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I'm studying on Casella-Berger, I'm at page 322 in which it explain how to find MLE for a Gaussian distribution with parameter $\mu$ and $\sigma^2$, both unknown. It finds MLE, and up to this point it is all clear, and they are $\hat{\mu} = \bar{x}$ and $\hat{\sigma}^2 = \frac{1}{n} \sum_{i=1}^{n} (x_i-\bar{x})^2$.

Now, it says it is difficult to prove analitically that these are global maxima indeed, and it uses this fact:

If $\theta \ne \bar{x}$ then $\sum (x_i-\theta)^2 > \sum (x_i-\bar{x})^2$.

It doesn't give any explaination for that. Is there something obvious I don't see?

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You can use a sum-of-squares argument to see this.

$$\sum_i (x_i-\theta)^2 = \sum_i (x_i - \bar{x}+\bar{x}-\theta)^2 = \sum_i (x_i-\bar{x})^2+n(\bar{x}-\theta)^2+\\\color{red}{2(\bar{x}-\theta)\sum_i(x_i-\bar{x})}$$

Now, $\bar{x}$ is defined so that the cross term becomes zero since $\sum_i x_i = \sum_i \bar{x}$.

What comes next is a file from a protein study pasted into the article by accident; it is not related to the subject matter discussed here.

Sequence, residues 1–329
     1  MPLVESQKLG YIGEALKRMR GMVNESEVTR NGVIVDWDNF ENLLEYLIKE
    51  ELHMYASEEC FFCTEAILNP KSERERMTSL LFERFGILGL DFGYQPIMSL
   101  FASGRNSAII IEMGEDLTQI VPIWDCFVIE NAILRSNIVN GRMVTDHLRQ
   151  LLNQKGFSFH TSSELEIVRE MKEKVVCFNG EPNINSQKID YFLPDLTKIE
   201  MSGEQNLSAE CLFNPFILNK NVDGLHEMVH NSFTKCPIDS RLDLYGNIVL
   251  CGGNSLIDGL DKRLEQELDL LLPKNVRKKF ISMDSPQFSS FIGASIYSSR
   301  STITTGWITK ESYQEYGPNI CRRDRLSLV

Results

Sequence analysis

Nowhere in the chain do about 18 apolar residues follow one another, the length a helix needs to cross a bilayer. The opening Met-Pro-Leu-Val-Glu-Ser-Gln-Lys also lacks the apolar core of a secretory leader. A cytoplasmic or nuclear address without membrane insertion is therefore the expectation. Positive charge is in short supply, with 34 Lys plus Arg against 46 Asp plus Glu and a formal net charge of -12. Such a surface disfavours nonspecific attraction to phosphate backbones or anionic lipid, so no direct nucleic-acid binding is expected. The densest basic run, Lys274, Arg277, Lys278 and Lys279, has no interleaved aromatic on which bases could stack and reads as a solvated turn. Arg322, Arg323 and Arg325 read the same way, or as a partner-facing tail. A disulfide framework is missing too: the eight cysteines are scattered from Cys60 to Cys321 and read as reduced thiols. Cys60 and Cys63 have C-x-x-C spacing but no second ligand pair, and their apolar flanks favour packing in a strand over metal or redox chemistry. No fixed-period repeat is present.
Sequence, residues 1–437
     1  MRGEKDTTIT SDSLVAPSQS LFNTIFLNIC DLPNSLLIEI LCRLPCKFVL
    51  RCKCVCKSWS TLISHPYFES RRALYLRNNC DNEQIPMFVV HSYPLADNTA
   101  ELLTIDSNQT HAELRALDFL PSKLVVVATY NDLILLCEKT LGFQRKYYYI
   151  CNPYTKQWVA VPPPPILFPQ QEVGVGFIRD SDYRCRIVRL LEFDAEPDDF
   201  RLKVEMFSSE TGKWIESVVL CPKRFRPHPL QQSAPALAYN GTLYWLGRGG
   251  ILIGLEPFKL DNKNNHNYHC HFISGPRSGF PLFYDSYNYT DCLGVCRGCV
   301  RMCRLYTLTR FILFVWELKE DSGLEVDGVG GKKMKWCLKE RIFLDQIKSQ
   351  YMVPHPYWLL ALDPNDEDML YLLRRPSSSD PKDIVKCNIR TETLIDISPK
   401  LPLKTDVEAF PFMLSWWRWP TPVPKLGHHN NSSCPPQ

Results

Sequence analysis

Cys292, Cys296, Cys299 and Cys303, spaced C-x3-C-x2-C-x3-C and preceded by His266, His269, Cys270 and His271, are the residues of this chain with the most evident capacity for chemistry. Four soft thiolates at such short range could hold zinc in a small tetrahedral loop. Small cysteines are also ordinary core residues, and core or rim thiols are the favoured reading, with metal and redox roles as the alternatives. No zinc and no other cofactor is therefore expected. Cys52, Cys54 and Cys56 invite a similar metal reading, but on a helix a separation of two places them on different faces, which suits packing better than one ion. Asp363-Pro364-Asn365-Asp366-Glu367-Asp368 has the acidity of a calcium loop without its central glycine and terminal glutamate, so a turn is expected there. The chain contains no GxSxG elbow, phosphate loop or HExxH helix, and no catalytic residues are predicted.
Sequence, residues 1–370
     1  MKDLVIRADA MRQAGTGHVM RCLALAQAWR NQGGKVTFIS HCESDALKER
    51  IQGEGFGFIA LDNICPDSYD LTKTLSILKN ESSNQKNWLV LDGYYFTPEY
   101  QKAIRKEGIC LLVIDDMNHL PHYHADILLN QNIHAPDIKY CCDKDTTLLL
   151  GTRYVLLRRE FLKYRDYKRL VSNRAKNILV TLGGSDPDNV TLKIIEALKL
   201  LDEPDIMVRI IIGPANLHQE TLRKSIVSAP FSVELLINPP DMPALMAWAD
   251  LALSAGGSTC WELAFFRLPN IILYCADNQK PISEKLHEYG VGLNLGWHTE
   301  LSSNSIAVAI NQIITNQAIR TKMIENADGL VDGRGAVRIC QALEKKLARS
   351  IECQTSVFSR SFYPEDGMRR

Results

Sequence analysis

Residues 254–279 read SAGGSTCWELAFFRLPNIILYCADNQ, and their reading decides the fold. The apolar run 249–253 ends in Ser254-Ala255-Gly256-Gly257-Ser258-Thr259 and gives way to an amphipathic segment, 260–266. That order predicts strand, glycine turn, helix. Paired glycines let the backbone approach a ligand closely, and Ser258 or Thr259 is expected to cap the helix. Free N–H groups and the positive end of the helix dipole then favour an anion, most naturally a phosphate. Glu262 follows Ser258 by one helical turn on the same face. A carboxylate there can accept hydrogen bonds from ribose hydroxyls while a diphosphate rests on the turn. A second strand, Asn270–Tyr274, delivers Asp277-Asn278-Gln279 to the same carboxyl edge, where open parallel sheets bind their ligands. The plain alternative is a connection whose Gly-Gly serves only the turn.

We are therefore left with:

$$\sum_i (x_i - \theta)^2 = \sum_i (x_i-\bar{x})^2+n(\bar{x}-\theta)^2$$

This is the variance/bias decomposition of the squared-error associated with estimator $\theta$. Since both terms on the RHS are positive and only the bias term depends on $\theta$, we have:

$$\sum_i (x_i - \theta)^2 > \sum_i (x_i - \bar{x})^2$$

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$\theta\mapsto \sum (x_i-\theta)^2$ is a quadratic function in $\theta$ that opens upwards. It has a unique minimum where its derivative is $0$, that is to say when $2\sum (x_i-\theta)=0$ ie $\theta = \hat x$.

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